Azadi Monument - Tehran

Iran As a Hub for Health Tourism

The capacity of Iran’s health market, relatively developed and high quality for the region, attracts health tourists from around the Middle East and Central Asia. Between 30-50,000 people visit Iran for medical purposes annually. This number is made up of two distinct groups: those from neighbouring countries seeking higher quality medical care not available at home and visitors from more developed countries seeking medical treatments affordably. Iranian capabilities in health tourism are developed to the extent that they are well coordinated with dedicated tourism companies, health care providers, and non-profit organisations by both the Health Ministry and the Ministry for Tourism for full service in both tourism and medical aspects. In this way, particularly as Iran’s tourism sector strengthens and its underlying infrastructure and capacity is improved, the number of medical tourists of both types visiting the country will grow.

With an already developed infrastructure and capability in health tourism, Iran’s health sector is a good prospect to develop further and provide access to other regional markets as a hub demanding the best equipment, systems management, and expertise.

Opportunities for Partnering and Cooperation

So while Iran’s capacities are strong, there is still much room for improvement. In particular for foreign companies opportunities lie in the updating and improvement of hospital systems by partnering with Iranian operators, public and private. While the quality of medical research and capabilities in Iran is high, systems management in Iran is outdated and inefficient. Given the national integration of the sector in Iran, foreign companies who successfully enter have a wealth of opportunity to expand and engage the broad market. With changing demographics and rising expectations, Iran will need to continue to improve its healthcare capabilities in ways that international expertise collaboration will be indispensable in the long term.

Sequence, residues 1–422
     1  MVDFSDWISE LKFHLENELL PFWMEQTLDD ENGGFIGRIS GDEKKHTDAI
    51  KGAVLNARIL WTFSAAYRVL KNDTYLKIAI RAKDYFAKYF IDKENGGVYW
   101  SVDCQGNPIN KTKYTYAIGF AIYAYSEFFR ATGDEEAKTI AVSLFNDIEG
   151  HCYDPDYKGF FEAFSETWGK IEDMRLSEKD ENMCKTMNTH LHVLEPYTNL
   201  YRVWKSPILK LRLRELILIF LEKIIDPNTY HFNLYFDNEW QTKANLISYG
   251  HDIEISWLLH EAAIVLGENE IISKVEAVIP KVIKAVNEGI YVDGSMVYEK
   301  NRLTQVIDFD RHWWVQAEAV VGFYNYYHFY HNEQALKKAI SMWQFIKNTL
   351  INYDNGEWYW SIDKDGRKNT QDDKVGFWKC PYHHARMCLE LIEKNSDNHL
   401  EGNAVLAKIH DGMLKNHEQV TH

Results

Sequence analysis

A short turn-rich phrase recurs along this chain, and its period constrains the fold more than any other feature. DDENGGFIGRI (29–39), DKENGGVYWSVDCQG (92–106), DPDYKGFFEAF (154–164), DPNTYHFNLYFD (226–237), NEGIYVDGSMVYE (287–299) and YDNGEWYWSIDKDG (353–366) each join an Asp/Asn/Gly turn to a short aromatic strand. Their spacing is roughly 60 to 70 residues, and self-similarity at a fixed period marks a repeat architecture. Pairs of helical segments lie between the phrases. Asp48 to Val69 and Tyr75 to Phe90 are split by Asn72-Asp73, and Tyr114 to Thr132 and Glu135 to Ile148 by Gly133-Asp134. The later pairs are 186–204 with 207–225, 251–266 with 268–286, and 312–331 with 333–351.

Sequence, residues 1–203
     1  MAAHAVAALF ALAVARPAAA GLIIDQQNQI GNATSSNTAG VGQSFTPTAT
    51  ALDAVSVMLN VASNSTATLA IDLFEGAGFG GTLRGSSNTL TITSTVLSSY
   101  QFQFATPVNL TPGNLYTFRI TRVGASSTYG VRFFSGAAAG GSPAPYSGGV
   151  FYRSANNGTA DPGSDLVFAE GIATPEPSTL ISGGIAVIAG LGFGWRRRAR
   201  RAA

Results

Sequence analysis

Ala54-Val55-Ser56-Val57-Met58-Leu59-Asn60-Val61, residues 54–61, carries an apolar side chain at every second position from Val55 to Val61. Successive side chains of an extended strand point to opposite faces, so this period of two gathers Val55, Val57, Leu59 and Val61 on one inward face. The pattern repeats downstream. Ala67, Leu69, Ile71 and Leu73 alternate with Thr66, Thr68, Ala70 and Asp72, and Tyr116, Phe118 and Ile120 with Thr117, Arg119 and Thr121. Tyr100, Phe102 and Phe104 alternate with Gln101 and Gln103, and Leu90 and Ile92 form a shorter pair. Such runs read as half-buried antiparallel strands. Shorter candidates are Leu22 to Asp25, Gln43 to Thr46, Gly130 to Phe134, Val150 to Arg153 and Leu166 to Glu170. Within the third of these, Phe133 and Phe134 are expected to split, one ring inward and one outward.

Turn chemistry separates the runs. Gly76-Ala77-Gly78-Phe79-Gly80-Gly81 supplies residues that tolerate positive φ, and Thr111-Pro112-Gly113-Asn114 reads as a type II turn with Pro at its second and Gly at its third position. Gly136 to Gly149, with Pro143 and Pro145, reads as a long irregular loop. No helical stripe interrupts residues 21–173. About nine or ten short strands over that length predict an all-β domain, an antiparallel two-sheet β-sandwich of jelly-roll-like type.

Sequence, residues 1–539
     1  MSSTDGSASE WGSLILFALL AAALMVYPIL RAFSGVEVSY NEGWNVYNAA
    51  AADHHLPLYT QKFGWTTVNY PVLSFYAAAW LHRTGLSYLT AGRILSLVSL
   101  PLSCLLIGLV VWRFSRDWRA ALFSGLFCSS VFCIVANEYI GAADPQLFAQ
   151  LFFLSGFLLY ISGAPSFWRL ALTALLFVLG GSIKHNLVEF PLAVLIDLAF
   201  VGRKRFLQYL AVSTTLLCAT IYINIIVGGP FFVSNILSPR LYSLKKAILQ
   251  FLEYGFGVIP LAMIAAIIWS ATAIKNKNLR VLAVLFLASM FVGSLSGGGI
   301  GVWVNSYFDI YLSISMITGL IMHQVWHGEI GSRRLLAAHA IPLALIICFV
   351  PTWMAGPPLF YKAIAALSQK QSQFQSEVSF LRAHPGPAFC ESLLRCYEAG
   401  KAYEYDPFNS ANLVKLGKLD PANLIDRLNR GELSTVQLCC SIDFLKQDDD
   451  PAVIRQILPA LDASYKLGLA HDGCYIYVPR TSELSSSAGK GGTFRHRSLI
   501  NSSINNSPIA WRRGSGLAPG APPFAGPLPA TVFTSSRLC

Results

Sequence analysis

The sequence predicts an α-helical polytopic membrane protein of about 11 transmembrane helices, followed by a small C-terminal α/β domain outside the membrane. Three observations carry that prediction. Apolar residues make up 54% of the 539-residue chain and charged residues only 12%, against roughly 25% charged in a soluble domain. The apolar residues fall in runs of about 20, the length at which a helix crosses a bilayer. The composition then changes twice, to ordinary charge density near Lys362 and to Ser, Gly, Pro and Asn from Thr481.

Under President Rouhani, healthcare has received renewed attention as a priority policy area with significant funding increases. A major new countrywide scheme called Tarh-e Salaamat – dubbed the ‘Health Plan’ or Rouhani-Care – has reinvigorated the sector and brought new hope for strides forward. Even while showing some of the lingering weaknesses in the sector, not least outdated and inefficient systems, it has also showcased Iran’s significant and long-standing healthcare capabilities.

To find out more about Iran’s healthcare and medial sector, join our webinar, Spotlight on Iran: Highlighting emerging business opportunities on Tuesday 19 April, 2016 at 5.00pm AEST. Click here to register.

Spotlight on Iran: Highlighting Emerging Business Opportunities

 

About William B Jenkins

William is Associate and Iran Specialist for Dearin & Associates and Erasmus Scholar at the London School of Economics and University of Leipzig. He was Developer and Lead of the flagship Arabic and Persian Languages Online Programme and a first-class honours graduate in Political Economy, International Relations, and languages (Arabic, Persian, Hindi-Urdu) at the Australian National University. He formerly worked with the Australia-Arab Chamber of Commerce and Industry (AACCI), ACCI Productivity Unit and the Senate Standing Committee on Foreign Affairs, Defence and Trade. He writes on Middle Eastern as well as Central and South Asian business, trade, economics, and history.